As a congressional intern, there’s much to learn that will help you in your future policy career. For instance, you’ll learn about many policy issues through researching, attending, and reporting on briefings and hearings; you’ll do constituent correspondence, where you’ll learn about administrative duties or conduct opinion surveys; you’ll attend congressional hearings and briefings and draft memos for legislative staff; and you’ll learn to answer questions like: “What’s an item of special interest?”, “What’s the Rules committee?”, “How do you offer an amendment?” and more. 

Testing fit

Through your internship, you gain information on your fit for work on the Hill and—to a lesser degree—in other policy institutions. The extent to which interns leave an impression of general competence via their role and use it to build credibility is a good predictor of fit for the Hill and sometimes for other policy institutions. During your internship, some useful questions to assess your fit for the Hill might include:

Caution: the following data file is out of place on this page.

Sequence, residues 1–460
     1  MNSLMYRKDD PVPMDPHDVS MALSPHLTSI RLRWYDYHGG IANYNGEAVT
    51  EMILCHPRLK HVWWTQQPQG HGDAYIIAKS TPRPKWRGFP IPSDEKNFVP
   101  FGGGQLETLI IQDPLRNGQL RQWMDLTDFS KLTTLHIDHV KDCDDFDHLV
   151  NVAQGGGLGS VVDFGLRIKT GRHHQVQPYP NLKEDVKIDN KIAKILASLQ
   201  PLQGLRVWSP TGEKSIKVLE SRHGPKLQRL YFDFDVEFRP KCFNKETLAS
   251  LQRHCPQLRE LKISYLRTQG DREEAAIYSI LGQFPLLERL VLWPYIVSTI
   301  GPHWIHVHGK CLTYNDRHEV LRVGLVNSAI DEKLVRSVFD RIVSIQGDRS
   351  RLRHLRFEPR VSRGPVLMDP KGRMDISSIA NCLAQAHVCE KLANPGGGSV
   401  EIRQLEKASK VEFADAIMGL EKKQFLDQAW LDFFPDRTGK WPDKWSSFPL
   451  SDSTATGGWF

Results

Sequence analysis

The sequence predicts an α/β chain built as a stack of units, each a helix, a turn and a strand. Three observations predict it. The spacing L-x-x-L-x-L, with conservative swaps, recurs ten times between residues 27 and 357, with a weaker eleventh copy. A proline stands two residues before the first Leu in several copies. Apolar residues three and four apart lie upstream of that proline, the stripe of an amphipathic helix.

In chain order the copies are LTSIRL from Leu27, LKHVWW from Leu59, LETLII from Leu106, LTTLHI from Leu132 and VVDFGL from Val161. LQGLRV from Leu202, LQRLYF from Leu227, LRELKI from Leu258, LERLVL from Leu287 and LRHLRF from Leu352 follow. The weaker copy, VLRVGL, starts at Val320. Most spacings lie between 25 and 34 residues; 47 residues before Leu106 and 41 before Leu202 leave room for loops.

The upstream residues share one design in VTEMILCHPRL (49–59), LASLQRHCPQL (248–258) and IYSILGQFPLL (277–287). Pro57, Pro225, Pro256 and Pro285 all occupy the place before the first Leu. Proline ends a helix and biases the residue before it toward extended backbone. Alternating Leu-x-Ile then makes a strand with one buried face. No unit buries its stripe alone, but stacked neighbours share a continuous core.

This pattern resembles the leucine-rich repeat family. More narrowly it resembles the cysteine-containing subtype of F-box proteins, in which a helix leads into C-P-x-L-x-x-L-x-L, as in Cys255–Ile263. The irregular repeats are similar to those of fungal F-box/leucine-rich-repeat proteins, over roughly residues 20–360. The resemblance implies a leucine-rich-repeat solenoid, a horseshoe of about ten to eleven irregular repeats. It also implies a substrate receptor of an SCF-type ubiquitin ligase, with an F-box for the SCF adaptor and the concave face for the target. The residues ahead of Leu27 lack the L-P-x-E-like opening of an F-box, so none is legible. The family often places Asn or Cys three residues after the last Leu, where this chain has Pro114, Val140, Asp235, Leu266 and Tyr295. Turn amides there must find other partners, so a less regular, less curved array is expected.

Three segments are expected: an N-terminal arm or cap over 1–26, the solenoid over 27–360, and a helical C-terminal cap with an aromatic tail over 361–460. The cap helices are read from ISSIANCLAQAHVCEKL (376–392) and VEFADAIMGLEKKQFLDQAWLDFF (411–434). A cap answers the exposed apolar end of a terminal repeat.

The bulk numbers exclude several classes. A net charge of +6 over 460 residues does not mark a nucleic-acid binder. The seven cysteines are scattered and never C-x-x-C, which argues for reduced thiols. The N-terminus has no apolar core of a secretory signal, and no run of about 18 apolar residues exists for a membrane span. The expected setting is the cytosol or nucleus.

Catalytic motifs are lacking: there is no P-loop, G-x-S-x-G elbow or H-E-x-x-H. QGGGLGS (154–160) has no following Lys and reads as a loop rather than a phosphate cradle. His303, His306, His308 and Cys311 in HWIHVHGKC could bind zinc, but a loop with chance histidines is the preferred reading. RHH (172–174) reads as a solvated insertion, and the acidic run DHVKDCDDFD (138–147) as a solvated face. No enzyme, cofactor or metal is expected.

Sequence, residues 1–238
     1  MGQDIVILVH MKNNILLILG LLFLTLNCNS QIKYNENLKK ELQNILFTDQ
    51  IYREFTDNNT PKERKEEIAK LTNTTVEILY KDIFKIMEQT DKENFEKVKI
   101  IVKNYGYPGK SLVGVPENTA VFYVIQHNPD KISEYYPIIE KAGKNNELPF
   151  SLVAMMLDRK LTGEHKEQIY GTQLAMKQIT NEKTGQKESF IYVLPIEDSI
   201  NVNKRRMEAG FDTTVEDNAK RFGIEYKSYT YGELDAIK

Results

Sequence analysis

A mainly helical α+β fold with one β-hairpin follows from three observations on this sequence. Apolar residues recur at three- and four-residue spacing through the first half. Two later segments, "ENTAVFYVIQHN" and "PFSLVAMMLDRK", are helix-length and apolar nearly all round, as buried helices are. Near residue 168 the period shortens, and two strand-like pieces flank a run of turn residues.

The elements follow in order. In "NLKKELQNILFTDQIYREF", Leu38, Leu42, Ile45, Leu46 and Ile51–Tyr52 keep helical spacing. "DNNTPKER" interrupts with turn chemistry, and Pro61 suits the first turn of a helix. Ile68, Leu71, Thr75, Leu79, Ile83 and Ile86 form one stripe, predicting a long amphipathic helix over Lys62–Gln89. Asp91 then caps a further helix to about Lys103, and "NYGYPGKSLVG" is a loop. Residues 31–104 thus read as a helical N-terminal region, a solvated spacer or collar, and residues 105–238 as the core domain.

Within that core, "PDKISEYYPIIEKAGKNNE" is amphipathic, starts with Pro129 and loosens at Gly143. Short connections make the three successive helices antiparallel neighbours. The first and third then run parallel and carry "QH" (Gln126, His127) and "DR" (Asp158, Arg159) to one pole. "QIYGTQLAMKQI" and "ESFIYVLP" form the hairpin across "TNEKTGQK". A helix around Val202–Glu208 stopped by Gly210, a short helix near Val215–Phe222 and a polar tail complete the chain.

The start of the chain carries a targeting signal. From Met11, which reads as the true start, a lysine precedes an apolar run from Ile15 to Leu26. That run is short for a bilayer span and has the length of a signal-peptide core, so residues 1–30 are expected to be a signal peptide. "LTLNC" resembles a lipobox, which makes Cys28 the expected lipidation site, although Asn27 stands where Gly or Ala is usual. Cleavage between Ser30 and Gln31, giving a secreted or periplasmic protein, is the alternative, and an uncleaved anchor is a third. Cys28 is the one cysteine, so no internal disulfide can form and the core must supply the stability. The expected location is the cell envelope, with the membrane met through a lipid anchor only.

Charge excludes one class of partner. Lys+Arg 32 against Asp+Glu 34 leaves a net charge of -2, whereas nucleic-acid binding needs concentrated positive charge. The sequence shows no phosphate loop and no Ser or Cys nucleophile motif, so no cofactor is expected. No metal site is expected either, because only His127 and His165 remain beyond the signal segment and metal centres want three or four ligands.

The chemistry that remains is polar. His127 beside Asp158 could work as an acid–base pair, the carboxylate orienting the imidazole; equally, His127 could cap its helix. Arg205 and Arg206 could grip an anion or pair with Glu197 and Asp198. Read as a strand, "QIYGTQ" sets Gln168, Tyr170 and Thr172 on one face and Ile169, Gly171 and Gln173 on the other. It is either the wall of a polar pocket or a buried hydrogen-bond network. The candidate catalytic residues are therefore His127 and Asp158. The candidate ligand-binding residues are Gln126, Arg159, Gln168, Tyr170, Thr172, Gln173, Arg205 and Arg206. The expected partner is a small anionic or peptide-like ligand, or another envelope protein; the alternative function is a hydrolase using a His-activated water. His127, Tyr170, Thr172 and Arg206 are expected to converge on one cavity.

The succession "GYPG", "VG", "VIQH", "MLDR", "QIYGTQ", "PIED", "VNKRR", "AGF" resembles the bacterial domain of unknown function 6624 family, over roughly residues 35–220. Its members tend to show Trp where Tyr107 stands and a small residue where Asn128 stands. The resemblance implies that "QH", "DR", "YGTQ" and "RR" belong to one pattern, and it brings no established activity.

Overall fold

• Are my colleagues more often impressed or frustrated by the work products I hand in? 
  • Do I find my work tasks motivating? Which ones? (Particularly focusing on the tasks that seem central to the future roles I'm evaluating my fit for)
  • How easy is it for me to build rapport with others in this environment?
  • What are the traits I observe in the people who seem to perform well in this environment? Do I share any of these traits, or do I see a way I can develop them?

II. How to get a congressional internship?

Application processes vary significantly by office. Instead of viewing congressional internships as run by one large organization, it’s useful to think about it as if “you’re applying to internships at one of 535 different small businesses”. 

Still, some aspects of the application process are generalizable. When applying for a congressional internship, you'll typically need to submit your resume and cover letter. The application may sometimes include short answer essay questions specific to the office. If the office likes your written application, the second (and typically final) round consists of an interview by the staff assistant (or whichever other staffer runs the internship program).